"If one person is unkind to an animal, it is considered to be cruelty, but where a lot of people are unkind to animals, especially in the name of commerce, the cruelty is condoned and, once sums of money are at stake, will be defended to the last by otherwise intelligent people." - Ruth Harrison, Animal Machines, 1964

Thursday, December 11, 2008

New faces surface at Marineland

Wildlife group opposes addition of eight Russian belugas to roster of animals

The St. Catharines Standard - Tuesday, December 9, 2008


Arctic Cove at Marineland had a few new residents move in over the weekend.

Eight Russian belugas - all females - landed in Hamilton Saturday morning after a 13-hour flight aboard a specially modified Aeroflot IL-76 jumbo jet.

From the airport, they made the trip down the QEW to Marineland inside water-filled tanks hauled by tractor-trailers.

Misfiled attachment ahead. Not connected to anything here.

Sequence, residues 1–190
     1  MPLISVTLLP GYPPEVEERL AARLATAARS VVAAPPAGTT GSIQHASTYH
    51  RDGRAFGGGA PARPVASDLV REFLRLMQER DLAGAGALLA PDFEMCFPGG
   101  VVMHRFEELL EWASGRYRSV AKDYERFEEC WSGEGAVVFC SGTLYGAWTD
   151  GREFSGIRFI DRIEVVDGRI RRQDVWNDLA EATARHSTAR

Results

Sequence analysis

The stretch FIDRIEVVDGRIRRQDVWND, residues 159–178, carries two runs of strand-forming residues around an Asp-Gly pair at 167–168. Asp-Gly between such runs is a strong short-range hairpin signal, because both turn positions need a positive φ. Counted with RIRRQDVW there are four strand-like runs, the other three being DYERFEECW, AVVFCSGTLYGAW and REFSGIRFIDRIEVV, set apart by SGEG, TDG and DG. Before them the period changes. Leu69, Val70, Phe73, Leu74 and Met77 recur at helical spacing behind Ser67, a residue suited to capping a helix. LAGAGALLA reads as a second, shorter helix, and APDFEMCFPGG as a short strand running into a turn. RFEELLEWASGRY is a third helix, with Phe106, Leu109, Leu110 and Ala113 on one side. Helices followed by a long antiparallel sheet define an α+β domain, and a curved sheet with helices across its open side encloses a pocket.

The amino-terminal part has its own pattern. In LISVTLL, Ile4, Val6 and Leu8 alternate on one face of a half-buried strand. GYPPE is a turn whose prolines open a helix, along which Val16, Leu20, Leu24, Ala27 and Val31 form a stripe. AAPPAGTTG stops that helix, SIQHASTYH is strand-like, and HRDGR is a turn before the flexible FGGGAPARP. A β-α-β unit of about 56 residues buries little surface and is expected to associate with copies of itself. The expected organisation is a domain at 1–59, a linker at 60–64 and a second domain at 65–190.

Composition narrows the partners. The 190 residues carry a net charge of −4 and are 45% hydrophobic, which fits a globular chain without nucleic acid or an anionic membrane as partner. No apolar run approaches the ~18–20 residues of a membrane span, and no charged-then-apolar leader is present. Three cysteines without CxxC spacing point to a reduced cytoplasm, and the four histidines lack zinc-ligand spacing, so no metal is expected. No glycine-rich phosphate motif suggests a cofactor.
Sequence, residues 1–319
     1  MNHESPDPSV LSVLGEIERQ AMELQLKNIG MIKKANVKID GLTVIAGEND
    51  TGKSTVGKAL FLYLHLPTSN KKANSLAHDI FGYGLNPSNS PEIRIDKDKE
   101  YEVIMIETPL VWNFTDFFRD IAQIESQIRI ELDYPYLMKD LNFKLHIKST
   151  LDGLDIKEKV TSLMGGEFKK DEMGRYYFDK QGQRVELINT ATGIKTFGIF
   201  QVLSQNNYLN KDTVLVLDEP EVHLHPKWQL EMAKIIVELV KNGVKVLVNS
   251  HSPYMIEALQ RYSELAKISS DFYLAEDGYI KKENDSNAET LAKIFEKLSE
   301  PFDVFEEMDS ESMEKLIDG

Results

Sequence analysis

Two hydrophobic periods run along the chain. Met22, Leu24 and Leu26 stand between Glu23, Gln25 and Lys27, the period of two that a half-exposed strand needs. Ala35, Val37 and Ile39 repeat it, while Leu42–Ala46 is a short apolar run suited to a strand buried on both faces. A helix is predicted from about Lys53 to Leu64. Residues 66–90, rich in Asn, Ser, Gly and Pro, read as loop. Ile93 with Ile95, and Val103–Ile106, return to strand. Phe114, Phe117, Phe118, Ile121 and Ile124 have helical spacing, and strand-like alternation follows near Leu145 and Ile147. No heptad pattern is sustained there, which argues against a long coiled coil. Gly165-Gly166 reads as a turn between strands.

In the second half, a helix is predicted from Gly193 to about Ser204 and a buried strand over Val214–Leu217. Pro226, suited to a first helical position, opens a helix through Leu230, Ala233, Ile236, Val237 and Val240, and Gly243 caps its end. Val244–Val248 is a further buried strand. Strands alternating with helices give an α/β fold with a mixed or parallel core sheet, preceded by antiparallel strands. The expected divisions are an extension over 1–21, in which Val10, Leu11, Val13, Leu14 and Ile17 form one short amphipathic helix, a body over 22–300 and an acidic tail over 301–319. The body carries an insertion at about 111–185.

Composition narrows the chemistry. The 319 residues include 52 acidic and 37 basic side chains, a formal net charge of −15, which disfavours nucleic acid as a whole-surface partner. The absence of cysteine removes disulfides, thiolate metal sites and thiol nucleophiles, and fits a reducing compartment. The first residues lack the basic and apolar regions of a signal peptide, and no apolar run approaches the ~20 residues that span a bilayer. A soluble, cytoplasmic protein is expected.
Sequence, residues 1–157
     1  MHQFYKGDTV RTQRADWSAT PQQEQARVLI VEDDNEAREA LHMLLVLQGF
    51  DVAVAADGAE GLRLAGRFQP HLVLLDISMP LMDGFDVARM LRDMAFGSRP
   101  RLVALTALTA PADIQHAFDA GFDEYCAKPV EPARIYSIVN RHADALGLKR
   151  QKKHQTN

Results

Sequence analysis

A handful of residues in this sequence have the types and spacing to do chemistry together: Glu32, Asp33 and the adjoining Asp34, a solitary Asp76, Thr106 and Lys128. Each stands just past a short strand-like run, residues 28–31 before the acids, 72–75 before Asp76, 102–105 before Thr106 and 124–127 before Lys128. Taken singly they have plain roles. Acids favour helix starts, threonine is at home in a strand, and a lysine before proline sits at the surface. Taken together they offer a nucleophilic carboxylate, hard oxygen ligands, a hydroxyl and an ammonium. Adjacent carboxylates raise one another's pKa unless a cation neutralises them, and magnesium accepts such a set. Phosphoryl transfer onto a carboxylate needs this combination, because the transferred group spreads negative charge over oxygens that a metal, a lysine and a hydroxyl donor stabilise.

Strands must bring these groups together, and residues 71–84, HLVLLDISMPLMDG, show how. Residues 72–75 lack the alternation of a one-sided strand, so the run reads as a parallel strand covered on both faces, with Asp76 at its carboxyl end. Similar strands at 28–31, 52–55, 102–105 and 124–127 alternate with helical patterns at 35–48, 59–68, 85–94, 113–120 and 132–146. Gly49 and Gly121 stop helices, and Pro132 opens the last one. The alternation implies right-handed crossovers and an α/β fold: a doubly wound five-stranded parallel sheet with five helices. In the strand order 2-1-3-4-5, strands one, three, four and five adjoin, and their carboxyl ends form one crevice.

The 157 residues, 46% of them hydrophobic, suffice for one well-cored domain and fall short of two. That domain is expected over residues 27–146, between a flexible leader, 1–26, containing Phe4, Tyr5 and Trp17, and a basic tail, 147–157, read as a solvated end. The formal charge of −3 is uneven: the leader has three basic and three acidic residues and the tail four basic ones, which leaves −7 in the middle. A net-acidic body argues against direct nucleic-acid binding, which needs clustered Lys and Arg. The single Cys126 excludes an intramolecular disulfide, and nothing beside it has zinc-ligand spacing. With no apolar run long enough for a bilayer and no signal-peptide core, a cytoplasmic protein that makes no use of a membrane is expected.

"There are two in each tank; they keep each other company," said John Holer, owner and founder of Marineland.

The new additions bring the total number of the belugas at the aquarium to 30.

"We have a large demand of people who want to feed and pet the belugas," Holer said.

Belugas are the friendliest of whales, he said, particularly when dealing with humans.

So far, only one of the eight has shed its youthful grey colour and turned the milky, white colour for which belugas are known.

Belugas are native to Arctic areas. This latest batch of two-and three-year-olds originally came from the Pacific Ocean off the east coast of Russia. They have been housed in a beluga aquarium in the Black Sea since being taken into captivity a couple of years ago.